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on 24 October 2011
This is the first novel I have read by Ben Cheetham and it won't be the last. Blood Guilt is a cracking page turner of a thriller. I found it well written, suspenseful and above all believable. Cheetham whilst cranking up the tension never once over does it. The dialogue is snappy, clever and again totally believable.

Blood Guilt is, I feel, as well as being an excellent story an exploration into the what if. By this I mean what if your own life turned to crap due to one event? What if you had nothing to lose and let the darker side of your character roam around and seek vengeance where in order to atone for guilt? Cheetham managed to engage me totally with the story

Harlan is desperate to make amends for killing a man and he puts aside everything else in his life in his quest to help the widow. He crosses the line again and again. I found my frustrations mounting with Harlan, the central character, as he felt the need to punish himself time and again. I felt sympathy for his partner, Eve, as she was knocked back again and again by Harlan's self-destructive actions and yet despite this remains devoted to him. Ben Cheetham proved himself a fine story teller and I became a fan after reading this novel.

The author doesn't bog down the text with too much descriptive dialogue. He chooses instead to add it when it is needed most and this makes Blood Guilt a gratifying read.
On the whole a fine tale well told and one I would recommend to lovers of good thrillers. Cheetham is an author to watch and I hope he gets the success he deserves with this excellent thriller.
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on 21 November 2011
I enjoyed the book immensely. A real page turner, fast paced, good plot. Unusual lead character, but easy to empathise with which is important, you want Harlan to succeed and find inner peace and happiness. He also kicks ass as well as Jack Reacher & would have made an amazing serial of books as you really get quite attached to him.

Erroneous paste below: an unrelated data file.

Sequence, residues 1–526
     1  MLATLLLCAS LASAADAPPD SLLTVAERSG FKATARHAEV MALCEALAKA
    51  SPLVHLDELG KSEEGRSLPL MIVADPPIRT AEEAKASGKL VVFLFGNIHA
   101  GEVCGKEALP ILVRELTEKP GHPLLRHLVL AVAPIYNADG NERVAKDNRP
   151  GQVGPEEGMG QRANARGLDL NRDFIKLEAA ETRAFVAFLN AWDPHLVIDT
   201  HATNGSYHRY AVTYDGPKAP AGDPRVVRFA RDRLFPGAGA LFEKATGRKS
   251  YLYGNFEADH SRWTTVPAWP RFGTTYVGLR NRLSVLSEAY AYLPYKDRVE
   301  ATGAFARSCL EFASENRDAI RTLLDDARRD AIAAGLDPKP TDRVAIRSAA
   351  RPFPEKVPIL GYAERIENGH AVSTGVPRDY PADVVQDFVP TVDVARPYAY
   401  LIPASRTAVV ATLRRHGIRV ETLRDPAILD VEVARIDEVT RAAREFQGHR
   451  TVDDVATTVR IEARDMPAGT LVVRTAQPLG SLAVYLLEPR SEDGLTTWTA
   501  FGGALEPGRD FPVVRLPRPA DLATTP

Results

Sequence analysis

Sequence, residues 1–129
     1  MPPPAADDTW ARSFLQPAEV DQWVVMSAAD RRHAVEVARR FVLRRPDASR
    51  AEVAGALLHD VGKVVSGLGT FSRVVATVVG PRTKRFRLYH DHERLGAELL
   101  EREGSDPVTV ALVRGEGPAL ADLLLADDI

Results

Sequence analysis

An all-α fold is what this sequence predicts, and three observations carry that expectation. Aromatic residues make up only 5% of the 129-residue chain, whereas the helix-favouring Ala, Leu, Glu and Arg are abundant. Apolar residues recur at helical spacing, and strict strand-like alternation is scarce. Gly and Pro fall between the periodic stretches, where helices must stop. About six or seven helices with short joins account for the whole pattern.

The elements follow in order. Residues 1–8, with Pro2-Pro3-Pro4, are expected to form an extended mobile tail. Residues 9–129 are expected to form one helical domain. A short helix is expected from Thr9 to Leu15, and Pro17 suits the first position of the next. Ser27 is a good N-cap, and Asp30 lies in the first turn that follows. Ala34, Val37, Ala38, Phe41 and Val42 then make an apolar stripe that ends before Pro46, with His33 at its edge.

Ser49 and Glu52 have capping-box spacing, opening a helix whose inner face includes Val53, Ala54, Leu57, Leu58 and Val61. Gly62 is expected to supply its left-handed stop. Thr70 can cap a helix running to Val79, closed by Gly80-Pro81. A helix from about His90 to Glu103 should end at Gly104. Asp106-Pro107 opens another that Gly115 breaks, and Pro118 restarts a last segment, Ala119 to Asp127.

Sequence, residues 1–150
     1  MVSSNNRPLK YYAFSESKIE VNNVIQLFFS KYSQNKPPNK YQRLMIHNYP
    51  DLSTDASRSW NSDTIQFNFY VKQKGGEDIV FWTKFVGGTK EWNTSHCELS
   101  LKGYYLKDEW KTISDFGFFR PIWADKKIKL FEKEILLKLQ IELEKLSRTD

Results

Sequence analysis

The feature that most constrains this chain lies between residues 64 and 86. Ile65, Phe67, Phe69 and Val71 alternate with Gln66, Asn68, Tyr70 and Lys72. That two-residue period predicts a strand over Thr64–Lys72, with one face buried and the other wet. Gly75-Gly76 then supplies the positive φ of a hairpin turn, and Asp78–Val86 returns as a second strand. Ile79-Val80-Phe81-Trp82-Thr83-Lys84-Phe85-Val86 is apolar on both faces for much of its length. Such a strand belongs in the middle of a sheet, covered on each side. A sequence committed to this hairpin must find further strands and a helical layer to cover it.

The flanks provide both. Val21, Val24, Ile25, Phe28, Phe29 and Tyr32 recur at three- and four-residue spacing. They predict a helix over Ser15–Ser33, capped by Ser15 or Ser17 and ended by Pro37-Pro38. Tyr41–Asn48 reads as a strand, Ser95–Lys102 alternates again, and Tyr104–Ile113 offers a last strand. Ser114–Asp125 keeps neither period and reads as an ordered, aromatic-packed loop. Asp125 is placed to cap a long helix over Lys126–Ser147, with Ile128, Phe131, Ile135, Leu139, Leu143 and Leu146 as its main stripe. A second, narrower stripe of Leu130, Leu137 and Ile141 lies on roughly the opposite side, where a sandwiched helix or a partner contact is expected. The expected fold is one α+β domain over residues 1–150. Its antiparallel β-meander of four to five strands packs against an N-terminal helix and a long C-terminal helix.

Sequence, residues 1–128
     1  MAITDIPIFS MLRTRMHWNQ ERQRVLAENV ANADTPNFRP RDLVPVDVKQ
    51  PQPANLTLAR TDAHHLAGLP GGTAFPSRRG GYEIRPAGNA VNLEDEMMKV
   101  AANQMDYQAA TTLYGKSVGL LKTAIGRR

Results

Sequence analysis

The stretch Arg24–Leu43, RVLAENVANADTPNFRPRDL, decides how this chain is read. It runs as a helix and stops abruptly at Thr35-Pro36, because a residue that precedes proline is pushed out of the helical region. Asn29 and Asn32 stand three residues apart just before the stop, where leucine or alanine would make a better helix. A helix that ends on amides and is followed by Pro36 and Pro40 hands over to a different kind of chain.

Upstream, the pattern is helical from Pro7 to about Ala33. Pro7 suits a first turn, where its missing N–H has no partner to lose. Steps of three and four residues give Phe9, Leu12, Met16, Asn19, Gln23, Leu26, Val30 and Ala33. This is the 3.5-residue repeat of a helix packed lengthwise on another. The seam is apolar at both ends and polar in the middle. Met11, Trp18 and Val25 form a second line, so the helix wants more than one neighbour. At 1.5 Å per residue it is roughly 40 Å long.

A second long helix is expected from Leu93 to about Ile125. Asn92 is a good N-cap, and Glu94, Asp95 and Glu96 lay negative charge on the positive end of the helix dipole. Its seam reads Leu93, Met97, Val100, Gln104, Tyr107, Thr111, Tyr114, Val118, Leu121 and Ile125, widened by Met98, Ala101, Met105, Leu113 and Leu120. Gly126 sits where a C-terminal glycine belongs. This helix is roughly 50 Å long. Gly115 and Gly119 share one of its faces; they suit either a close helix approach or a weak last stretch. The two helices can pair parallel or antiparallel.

I would deffinatly reccomend this book, my hubby who doesn't read wanted me to keep him up to speed on the story once I had told him the beginning.
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on 7 October 2011
DI Harlan Miller's life is all getting too much, his young son has died in a freak accident and his marriage is on the rocks - causing him to hit the booze. Rather than helping him forget his problems, it lands him in an even worse situation that results in him in prison on a manslaughter charge.

When he gets out, he's lost everything apart from the friendship of his former partner on the job and is falling into despair...and then the youngest son of the man he killed is abducted, and suddenly he has something to live for. He HAS to find the missing boy. It's the only way that he can bear to live with what he has done. But can he do it? And if he does, will it make any difference to how he feels?

When I first read the blurb, I thought that the story may feel a little too `staged', with a rather predictable ending. However, this book drew me in right from the beginning. The main character is very well thought through - he felt so believable that I totally bought into his plight. And although there were many twists and turns and unexpected avenues explored, it still managed to feel `real'.

It wasn't the most beautifully-written, literary book I have read, it wasn't as uncomfortable and detailed as the amazing Sugar & Spice, and there were a couple of strands that tied up just a little too neatly, but this was a great page-turner with a unique premise and I zoomed through it in a couple of days as I really wanted to know what happened!

And at only 86p on Kindle what have you got to lose?!
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on 20 November 2011